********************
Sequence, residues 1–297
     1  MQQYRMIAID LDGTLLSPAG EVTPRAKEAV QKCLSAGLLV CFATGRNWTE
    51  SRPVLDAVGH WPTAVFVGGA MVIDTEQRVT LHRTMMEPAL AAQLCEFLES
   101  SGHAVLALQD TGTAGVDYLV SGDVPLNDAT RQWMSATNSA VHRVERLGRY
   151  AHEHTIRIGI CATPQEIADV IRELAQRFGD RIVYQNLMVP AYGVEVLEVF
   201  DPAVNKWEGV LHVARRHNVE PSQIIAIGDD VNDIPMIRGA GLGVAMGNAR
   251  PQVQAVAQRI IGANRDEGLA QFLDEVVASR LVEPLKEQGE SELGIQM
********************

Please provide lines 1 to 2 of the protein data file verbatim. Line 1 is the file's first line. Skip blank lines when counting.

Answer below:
Sequence, residues 1–297
     1  MQQYRMIAID LDGTLLSPAG EVTPRAKEAV QKCLSAGLLV CFATGRNWTE